Both the anterior and posterior approaches can be utilised in accessing the cervical spine. The approach is dictated by a number of different variables including the location of pathology and type of procedure to be undertaken, previous surgeries to the area, extent of disease (single or multilevel), preoperative neck pain, the presence of congenital stenosis, sagittal alignment of cervical spine, and patient comobidities [6].

The exact nature and location of the pathology plays an important role in deciding which approach to take to the cervical spine. Posterolateral herniation of the intervertebral discs lends itself to either an anterior or posterior approach [7]; however central posterior herniation is better accessed through the anterior approach with fewer postoperative complications [8]. Whatever approach is taken, it is important to minimise working around the spinal cord so as to minimise the risk of spinal cord injury.

Previous surgery using the anterior approach can make subsequent surgeries more difficult due to the presence of scar tissue which increases the risk of damage to structures in the anterior neck. Contralateral anterior approach is possible, but preoperative laryngoscopy should be performed beforehand to outrule the presence of subclinical vocal cord paralysis due to previous injury to the recurrent laryngeal nerve on that side. Repeated surgeries to the posterior neck increase the risk of postoperative axial pain and paraspinal muscle dysfunction. [911].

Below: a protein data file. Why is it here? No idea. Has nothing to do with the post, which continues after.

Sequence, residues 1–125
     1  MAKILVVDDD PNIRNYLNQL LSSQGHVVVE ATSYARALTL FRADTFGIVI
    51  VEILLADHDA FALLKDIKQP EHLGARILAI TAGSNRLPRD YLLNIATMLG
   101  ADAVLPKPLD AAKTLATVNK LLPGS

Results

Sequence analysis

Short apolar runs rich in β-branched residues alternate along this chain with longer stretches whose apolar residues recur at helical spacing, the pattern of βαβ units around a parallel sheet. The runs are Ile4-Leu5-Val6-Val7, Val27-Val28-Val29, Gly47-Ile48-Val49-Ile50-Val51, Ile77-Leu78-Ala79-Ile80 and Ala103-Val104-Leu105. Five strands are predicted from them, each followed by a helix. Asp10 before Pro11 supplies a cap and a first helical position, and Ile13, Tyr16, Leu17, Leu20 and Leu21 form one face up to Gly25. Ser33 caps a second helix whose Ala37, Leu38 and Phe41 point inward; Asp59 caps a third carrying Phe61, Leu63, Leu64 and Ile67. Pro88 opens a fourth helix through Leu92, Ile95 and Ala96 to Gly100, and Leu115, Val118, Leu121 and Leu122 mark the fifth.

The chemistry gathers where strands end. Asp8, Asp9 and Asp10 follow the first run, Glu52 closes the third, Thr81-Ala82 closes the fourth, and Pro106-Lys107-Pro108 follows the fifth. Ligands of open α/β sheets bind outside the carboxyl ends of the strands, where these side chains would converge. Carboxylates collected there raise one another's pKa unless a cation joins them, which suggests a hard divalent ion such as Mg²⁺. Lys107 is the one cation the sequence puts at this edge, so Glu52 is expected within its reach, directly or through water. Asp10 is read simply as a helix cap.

The extent of the disease and the number of levels to be operated on are other important considerations in the planning of any surgery to the cervical spine. For one- or two-level disease that is accessible from the anterior, it is that approach that is generally favoured by surgeons. Patients with pathology at multiple levels should be considered for posterior approach as studies have shown similar neurological outcomes compared to anterior approaches but decreased operating time and complications in patients undergoing posterior surgery for multilevel pathology [1215].